Barrier of the Andes

There are two main objects in transport flying over mountain country. One is to connect towns situated among the mountains with towns upon the plains; the other is the direct traverse of the divide to link up towns lying on the plains or plateaux on either side of the mountain barrier. The first type of flying applies in Switzerland, where the mountain valleys are well populated; in Colombia, South America, where the capital, Bogota, stands at a height of 8,000 feet, far from the coast; and in New Guinea, where the coastal region and the gold mines are separated by mountains (see the chapter on “New Guinea Gold” on pages 287-291). The second type of flying applies to the air lines that cross the Rocky Mountains in North America and the Andes in South America.

Terrestrial mountain transport is at all times forced to follow devious routes along mountain valleys and over the passes that offer the least resistance. The aeroplane, too, when weather conditions make it necessary, may be forced to follow similar routes, thus adding considerably to the mileage flown. But even then the superior speed of climb and manoeuvre of the aeroplane enable it to cover the distance in far less time than any ground vehicle. In clear weather the time saving of air transport is still more marked, for then the aeroplane can climb over the mountain tops and fly straight towards its objective.

The railway journey of 130 miles between Zurich and St. Moritz, in Switzerland, takes about five hours. In winter, because of the treacherous state of the snowbound roads over the passes, a motor car takes still longer. By air the journey can be made with ease in forty minutes.


THE EDSEL FORD RANGE OF MOUNTAINS near Little America, in Antarctica. This photograph was taken during one of Admiral Byrd’s reconnaissance flights north and east of Little America. Byrd was the first to cross the great barrier of Antarctica by air, when he flew to the South Pole, This he achieved with three companions in 1929.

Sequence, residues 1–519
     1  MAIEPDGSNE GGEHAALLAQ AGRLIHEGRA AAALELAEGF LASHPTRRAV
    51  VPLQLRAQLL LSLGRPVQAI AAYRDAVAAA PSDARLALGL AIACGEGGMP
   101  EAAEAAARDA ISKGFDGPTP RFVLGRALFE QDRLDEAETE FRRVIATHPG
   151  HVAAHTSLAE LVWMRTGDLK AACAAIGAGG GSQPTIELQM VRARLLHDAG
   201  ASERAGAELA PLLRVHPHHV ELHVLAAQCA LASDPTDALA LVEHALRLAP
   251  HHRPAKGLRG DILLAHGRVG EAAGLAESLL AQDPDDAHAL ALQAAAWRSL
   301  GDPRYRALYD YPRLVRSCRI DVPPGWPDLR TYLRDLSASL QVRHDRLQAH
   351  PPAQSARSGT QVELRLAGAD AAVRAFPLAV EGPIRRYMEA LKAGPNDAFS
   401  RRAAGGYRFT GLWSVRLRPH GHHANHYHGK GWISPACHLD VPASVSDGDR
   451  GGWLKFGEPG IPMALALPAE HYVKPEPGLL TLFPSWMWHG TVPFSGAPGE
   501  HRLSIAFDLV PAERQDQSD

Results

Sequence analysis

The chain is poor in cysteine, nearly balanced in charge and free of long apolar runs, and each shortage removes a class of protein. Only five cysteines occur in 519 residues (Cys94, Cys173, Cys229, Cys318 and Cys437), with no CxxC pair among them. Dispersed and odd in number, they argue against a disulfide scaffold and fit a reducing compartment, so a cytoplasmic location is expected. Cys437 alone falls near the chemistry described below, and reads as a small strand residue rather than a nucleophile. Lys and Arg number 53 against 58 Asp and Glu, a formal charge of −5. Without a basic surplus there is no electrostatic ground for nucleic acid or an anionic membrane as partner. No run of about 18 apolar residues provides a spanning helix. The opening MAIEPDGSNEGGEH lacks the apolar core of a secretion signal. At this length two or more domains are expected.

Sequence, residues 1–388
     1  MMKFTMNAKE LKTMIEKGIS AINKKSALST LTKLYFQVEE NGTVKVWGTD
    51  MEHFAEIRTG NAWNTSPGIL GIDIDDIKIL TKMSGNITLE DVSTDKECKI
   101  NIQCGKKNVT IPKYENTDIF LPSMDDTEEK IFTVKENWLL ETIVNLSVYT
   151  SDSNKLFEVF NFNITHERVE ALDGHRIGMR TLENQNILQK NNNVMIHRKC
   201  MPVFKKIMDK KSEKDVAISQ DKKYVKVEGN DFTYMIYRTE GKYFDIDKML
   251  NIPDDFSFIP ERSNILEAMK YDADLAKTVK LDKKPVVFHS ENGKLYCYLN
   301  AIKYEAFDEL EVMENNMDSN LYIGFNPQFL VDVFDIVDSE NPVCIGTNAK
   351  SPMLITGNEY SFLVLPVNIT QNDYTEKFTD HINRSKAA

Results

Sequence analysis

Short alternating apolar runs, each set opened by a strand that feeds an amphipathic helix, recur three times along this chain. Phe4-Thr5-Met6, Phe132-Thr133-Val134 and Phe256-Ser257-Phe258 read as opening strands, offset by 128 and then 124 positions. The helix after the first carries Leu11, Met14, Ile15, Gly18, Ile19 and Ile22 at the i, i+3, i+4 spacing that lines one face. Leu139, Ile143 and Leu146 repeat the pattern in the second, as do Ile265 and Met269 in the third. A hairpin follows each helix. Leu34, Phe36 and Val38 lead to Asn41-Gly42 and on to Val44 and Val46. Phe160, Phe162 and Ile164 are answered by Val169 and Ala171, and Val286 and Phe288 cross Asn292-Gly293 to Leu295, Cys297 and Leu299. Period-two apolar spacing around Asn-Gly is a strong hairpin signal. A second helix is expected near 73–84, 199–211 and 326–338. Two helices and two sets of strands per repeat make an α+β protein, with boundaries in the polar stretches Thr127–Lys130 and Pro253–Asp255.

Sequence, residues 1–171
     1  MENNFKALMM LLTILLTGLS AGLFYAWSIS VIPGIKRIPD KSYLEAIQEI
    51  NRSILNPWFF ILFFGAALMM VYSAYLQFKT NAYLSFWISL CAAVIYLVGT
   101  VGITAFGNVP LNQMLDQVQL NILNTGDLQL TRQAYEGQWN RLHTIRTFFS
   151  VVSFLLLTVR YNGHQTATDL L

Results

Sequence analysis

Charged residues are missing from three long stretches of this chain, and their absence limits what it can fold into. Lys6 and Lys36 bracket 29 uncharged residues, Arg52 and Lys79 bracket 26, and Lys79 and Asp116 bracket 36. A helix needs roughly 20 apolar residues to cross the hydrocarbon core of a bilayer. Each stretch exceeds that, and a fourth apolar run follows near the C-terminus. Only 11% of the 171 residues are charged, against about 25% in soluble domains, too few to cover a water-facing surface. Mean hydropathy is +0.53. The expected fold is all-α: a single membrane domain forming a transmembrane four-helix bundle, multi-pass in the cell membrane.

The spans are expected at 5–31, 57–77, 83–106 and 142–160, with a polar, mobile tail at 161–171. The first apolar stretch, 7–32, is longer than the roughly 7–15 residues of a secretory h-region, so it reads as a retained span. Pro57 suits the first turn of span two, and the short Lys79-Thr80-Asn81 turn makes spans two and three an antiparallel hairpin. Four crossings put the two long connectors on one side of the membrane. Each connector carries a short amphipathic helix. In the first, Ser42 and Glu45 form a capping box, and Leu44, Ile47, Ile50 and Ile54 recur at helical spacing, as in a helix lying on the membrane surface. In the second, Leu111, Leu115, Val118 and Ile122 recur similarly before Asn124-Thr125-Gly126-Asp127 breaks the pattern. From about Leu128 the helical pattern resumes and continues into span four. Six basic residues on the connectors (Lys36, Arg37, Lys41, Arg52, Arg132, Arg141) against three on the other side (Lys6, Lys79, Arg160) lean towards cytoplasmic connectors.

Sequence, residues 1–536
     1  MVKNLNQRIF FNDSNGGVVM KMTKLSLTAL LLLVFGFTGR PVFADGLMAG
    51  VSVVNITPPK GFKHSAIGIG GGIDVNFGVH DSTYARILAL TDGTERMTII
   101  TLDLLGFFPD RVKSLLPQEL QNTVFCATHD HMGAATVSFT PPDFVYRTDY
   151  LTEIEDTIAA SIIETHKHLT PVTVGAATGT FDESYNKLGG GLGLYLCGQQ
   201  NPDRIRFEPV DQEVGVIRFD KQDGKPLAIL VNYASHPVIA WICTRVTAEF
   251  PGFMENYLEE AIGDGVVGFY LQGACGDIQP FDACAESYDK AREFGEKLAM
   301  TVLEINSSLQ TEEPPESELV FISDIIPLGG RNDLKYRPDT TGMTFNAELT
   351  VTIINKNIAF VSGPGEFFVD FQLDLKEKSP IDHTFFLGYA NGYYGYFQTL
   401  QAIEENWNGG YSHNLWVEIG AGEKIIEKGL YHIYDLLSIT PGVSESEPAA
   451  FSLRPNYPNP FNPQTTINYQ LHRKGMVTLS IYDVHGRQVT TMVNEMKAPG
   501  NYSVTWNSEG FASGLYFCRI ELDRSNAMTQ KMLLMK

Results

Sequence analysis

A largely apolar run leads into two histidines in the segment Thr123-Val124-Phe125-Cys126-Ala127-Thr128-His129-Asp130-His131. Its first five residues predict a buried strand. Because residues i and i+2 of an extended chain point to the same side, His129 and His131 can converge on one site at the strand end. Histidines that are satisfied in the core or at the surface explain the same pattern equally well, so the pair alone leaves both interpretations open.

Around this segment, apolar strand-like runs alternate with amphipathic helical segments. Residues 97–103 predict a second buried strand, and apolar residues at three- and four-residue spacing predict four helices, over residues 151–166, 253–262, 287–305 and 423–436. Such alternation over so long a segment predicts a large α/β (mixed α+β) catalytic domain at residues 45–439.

When the mountaineering aeroplane competes with water transport, the saving of time is still more marked. From the Colombian port of Barranquilla, the surface journey to Bogota means an up-river passage by steamer through tropical and fever-stricken territory. When the river ceases to be navigable a comparatively short distance from the capital, passengers disembark and entrain. The railway takes them over a slow and winding route as it climbs some 6,000 feet to the city. This journey from the coast cannot be run to schedule. It may occupy from ten days to three weeks, according to the state of the river, which varies seasonally. The regular air journey from coast to capital is carried out in two and a quarter hours.

The trans-mountain air routes also save time. The distance from Mendoza in the Argentine to Santiago in Chile is 120 miles in a straight line. Between the two cities stands the huge barrier of the Andes. Almost on the line, one of the highest peaks in the western hemisphere, Aconcagua, rises to 23,097 feet; some way farther south is Tupungato (22,329 feet).

Between these two monsters of the Andean range winds the Uspallata Pass. Through the pass runs the Transandine Railway from Mendoza to Los Andes. This rack-and-pinion line tunnels into the mountain at a height of 10,500 feet. There is a road (virtually impassable in winter) as well. It almost touches 13,000 feet. The railway journey from Mendoza to Santiago normally takes twenty-four and a half hours, but the service was partly suspended in 1934 because of floods. The aeroplane does the journey in about an hour and a half. With sufficient engine power and oxygen equipment it is possible to make the aerial crossing in almost any weather, for the aeroplane can climb above the highest peaks and clouds.

It is a marvellous sensation to fly above the Andean mountains at this point. Mendoza lies 2,470 feet above the sea. Thence the range rises gradually to 10,000 feet, then on to 15,000. At 15,000 feet the aeroplane flies roughly level with the mountain mass. Above this height rise peak after peak, looking as though the mountains had only just begun to raise their heads. The range is crowned with the sheer beauty of Aconcagua outlined against the pale blue of the sky. Yet, from the aerodrome at Santiago, 2,000 feet above the sea, Aconcagua is hidden behind the nearer mountains that rise abruptly from the plain.

Forced Up 7,000 feet by Air Current

The weather is not always clear. Transandine air transport has encountered many difficulties with air currents. The main slope on the Chilean side falls sheer for some 14,000 feet. Westerly winds from the Pacific blow against this slope and are deflected upwards into strong, nearly vertical currents.

On one occasion a passenger aeroplane flying at 17,000 feet struck one of these currents and was borne up with great rapidity to 24,000 feet. Passengers in the cabin were overcome for lack of oxygen, but the pilot succeeded in diving the aeroplane down to lower levels before anyone was seriously affected.